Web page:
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Saving America’s Heritage

One farmer made it his business to help others save their family farms.

By Maggie Leyes

Imagine what it takes to farm 2,500 acres and care for 400 head of livestock. If you can’t, you probably wouldn’t do so well in Steve Bohr’s company, Farm Financial Strategies Inc. You see, Bohr caters to farmers across the Midwest who want to pass their farm and agricultural legacies on to their children.

Bohr began work as a “professional manure hauler and fence builder” as the youngest of five children on that 2,500-acre farm near Cedar Rapids, Iowa. It was his dream to preserve that farm for future generations. He saw that the heritage of the family farm was disappearing under the inevitable burden of time and statistics: 65 percent of the farmland in the Midwest is owned by farmers who are 60 or older. That means in 15 to 20 years those farms and millions of acres of land will be passing hands. If they don’t go to the next generation, they will end up in the hands of large corporate operations.

Bohr’s calling is to help farm families avoid that fate. He was instrumental in getting the Farm Financial Strategies program off the ground at the ING agency where he began work as an advisor. That program blossomed under his care, and in 2003, he formally established his own company, Farm Financial Strategies Inc. Bohr and the 21 people who work in his business—all with agricultural backgrounds—offer farm continuation and estate planning to their 1,800 clients in seven Midwestern states. Over the last 15 years, Farm Financial Strategies has helped ensure that 5,000 farms stay in the family. In the process, it has reduced or eliminated $350 million in shrinkage from future estate transfers and placed in force some $300 million in life insurance.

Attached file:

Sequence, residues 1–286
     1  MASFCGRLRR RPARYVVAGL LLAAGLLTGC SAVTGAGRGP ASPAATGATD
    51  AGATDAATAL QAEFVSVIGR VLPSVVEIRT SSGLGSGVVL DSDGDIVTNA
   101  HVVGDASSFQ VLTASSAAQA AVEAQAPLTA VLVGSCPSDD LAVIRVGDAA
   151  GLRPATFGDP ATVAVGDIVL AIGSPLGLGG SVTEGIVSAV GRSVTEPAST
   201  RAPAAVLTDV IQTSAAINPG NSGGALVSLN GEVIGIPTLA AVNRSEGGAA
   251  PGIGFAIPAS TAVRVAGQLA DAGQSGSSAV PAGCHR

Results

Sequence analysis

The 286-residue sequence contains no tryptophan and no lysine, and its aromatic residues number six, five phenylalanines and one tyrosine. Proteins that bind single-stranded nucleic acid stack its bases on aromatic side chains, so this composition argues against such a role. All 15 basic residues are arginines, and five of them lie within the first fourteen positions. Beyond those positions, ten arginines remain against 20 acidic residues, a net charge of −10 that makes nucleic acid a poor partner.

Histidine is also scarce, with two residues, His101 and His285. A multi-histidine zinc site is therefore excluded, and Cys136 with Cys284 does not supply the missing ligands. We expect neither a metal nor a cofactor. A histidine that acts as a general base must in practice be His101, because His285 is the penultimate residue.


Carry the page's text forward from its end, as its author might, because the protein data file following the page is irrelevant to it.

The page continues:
Get the profile right
Bohr attributes his success to a business equation that rules his practice, and that equation starts with a client profile—a very specific profile: a 60- to 70-year-old widowed farm operator, with a son or daughter who wants to take over a farm with 400 or more acres.

“If you give me that individual, four times a day, the sky’s the limit,” says Bohr. And he manages to do just that: He sees a farm owner four to five times a day, on those days he has slated for appointments, starting at 7 a.m. This is all in keeping with the guiding principle of his business, “Learn a lot about a little, and go out and do a lot of it.”

With an acre of farmland bringing in around $3,600 if sold, but only $200 a year of profit if worked, the temptation to sell can be strong. That is, until Bohr brings in a solution in the form of an estate plan. He keeps his product portfolio small, with life insurance—only fixed products—at the center. The plan he and his associates craft allows for the parents to retire with income, the heir to take over the farm, and the nonfarm siblings to get their fair share of the inheritance—all for the equivalent of, in farm terms, about $25 to $50 an acre worth of premium, says Bohr.

In addition to his business, this 37-year-old past president of Cedar Rapids AIFA runs his family farm and is home with his family by 5 p.m. He accomplishes this by scheduling his days well in advance and color coding them so he stays on track: 148 green days a year are for appointments, 30 red days are for business-related red tape and four blue days are for strategic planning. The rest are yellow days, which belong to him, his wife Jennifer and three children. Yellow days are also planting and harvesting days, when you just might find him at the wheel of a tractor, somewhere on the 2,500 acres of the farm he helped preserve.

 

 


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